When it comes to Afro-Latinos History in the United States there is a lack of knowledge and understanding of the shared struggle all members of the African diaspora have endured. Many don’t know that the presence of Spanish-speaking Africans in North America goes back to the mid-sixteenth century. That being said, Afro-Latinos have been a part of American history for centuries and their stories should be told and celebrated during Black History Month.
With the long history of oppression of Africans and African-descent in the United States it’s not surprising that there is little to no mention of Afro-Latinos history on textbooks and other historical records. Most of what is known of the Afro-Latinos history has been collected via research and through storytelling. In the beginning of the twentieth century, Afro-Latino Arturo Schomburg, from Puerto Rico, dedicated himself to research the history of African descendants.
Schomburg was a prominent figure during the cultural and artistic revolution that took place in Harlem during the 1920s and took it upon himself to gather Afro-Latinos history, and later expanded to preserving the history of the African diaspora in the United States and beyond.
Schomburg was part of what was known as the Harlem Renaissance and also called the “New Negro Movement”, it included the artistic expressions happening across urban areas in the Northeastern and Midwestern United States. Like Schomburg, there have been others who make up Afro-Latinos history and left their mark within the American fabric and experience.
Here are powerful 3 reasons to celebrate Afro-Latinos history during Black History Month as a way to recognize their rightful place in American history:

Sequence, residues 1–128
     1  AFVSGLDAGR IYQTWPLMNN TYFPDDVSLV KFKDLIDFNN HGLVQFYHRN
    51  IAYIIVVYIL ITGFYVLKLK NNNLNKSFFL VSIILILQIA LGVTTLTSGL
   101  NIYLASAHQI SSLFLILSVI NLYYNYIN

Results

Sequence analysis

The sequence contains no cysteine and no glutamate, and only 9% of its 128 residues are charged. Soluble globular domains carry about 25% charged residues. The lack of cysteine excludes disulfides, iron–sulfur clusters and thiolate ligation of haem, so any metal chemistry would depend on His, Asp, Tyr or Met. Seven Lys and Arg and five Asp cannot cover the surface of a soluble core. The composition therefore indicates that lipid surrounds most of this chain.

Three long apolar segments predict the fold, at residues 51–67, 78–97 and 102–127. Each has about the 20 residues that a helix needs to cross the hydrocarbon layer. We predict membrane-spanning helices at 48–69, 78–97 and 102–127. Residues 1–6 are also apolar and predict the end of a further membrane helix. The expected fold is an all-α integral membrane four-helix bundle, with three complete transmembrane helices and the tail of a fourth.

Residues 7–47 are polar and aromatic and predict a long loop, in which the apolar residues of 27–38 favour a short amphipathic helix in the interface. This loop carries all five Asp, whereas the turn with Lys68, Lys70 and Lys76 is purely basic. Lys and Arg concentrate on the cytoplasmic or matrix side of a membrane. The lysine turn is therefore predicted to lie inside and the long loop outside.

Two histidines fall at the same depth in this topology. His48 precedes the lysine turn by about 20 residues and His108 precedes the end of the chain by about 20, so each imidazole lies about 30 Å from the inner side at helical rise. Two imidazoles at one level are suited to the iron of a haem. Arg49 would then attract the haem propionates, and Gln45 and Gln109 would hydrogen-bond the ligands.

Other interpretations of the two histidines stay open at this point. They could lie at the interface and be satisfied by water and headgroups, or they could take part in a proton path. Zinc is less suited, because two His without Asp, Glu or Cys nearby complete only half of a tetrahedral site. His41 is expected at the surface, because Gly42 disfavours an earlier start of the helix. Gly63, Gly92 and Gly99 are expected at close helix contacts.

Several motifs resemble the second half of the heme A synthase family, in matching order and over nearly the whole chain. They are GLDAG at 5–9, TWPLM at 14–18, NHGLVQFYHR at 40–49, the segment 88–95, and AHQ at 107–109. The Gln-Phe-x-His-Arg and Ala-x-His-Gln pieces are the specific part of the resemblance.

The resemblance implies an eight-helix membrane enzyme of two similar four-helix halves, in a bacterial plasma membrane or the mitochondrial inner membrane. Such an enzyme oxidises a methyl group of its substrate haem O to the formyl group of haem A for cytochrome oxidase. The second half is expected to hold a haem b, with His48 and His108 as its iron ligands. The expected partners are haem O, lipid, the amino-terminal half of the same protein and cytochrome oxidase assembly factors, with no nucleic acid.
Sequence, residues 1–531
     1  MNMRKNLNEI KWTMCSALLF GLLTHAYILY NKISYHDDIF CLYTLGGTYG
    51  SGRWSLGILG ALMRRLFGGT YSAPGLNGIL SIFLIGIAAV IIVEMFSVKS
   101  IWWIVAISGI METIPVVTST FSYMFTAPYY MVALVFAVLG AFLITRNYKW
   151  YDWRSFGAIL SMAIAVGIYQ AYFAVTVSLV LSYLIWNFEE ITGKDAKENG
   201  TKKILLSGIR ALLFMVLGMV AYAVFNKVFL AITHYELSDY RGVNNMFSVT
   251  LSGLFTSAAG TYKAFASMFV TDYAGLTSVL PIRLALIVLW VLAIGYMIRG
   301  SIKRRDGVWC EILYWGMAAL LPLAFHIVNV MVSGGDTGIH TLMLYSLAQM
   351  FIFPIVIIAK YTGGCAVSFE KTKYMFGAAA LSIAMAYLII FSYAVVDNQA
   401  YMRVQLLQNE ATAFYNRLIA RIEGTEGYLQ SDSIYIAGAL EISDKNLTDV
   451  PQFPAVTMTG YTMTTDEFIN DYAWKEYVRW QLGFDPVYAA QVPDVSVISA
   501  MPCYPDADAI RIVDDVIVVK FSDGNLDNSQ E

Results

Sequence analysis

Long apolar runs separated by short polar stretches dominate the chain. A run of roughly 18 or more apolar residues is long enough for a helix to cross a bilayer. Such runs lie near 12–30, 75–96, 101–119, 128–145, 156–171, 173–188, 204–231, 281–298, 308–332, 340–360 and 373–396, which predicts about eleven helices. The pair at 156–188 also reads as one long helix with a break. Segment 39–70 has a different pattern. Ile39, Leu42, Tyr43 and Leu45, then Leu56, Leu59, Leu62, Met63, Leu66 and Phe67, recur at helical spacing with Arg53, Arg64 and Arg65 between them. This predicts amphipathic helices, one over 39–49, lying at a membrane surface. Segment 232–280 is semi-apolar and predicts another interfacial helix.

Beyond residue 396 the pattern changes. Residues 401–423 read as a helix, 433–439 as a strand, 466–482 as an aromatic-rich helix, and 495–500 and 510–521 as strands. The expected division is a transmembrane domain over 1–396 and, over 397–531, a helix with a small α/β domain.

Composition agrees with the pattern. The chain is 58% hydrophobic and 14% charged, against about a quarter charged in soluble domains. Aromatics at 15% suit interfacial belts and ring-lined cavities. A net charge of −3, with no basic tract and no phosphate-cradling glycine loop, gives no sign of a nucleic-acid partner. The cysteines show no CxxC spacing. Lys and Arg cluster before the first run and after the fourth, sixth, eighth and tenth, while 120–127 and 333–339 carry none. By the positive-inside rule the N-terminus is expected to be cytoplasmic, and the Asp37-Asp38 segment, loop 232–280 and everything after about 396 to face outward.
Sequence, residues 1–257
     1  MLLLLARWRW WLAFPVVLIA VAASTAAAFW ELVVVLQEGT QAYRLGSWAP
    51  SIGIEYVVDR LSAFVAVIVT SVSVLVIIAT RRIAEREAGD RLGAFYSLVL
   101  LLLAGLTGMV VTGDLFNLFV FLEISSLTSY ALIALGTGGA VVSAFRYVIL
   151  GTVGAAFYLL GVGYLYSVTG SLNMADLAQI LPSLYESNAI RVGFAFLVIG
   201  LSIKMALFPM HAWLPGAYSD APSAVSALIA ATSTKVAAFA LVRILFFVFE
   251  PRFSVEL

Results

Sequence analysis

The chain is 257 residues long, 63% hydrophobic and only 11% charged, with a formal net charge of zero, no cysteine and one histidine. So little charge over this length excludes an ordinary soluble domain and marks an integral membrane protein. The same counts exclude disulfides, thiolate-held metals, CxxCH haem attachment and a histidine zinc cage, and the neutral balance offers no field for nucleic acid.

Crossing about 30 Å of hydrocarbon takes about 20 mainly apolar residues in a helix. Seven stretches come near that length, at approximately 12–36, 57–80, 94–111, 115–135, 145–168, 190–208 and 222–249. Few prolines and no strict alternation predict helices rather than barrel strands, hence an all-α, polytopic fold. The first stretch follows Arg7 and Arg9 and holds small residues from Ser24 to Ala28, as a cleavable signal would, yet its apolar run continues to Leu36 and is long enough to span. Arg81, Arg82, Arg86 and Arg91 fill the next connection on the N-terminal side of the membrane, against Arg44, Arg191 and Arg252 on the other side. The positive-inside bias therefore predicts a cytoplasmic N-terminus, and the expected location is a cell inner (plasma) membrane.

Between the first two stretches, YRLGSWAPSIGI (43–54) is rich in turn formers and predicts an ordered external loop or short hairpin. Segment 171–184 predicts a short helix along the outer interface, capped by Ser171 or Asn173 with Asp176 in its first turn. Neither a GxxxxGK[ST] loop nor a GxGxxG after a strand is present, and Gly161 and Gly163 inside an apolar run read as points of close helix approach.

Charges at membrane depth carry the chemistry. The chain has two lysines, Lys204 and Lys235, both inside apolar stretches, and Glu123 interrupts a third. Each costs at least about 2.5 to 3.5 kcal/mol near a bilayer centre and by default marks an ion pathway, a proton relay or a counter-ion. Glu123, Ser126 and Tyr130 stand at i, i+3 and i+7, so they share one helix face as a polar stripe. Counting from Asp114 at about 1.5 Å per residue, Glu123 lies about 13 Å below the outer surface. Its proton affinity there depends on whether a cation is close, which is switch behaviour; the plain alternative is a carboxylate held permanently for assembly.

- The First Africans in The US. Many people don’t know that Afro-Latinos were here even before the foundation of the United States. Since there were already Africans throughout South America and the Caribbean, they were among the first that opted to come and settle in the lands that we now know as California, New Mexico, Arizona and Texas. There are records of Spanish speaking Black Latinos as far as before the arrival of the English settlers. As the Spanish crown continued its expansion throughout the continent and since Africans had outnumbered the amount of Europeans living in America, they were among the first to settle in the United States at a point in which they had already adopt the language and some of the customs imposed by the Spaniards. This also proves that after been enslaved and removed from their roots; and having learned the Spanish language and gained some dignity by being a numerical majority in those north American towns, Afro-Latinos had major challenges, cruelty and horrible conditions one the English settlers took over. As Africans that were later brought by the English, Afro-Latinos endured once again the tragedy of the African diaspora.
- Pioneer Farmers. Because Afro-Latinos had experienced the tropical agriculture and with the background the had from the African societies they had originally taken from, they were responsible for growing the first crops the African diaspora grew in north America as they had previously done in South America & the Caribbean as miners of metals and growers of tobacco and coffee. With time, and the arrival of other Africans brought by the English, those stories blended and the struggles became one, but the influence of those first Spanish-speaking Africans are not only part of the Afro-Latinos history and background, but that of Blacks in the United States.
- They’ve Made America Colorful! As other members of the African diaspora have done everywhere, Afro-Latinos have made their distinct imprint as part of a bicultural group that not only carries it’s African ancestry, but the heritage embedded by the Spanish for better or for worse. We see clear examples in our modern society through salsa, mambo, poetry, reggaeton, the contributions in baseball, the arts, and so many other areas in which Afro-Latinos history lives, even when more often than not, they experience the invisibility of not being acknowledged as belonging to any of the two groups in which they rightfully belong: Latinos and African Americans.
Today, as we start to celebrate Black History Month, I invite you to learn, acknowledge and celebrate the vibrant, creative and beautiful Afro-Latino experience in the United States.
Happy Black History Month!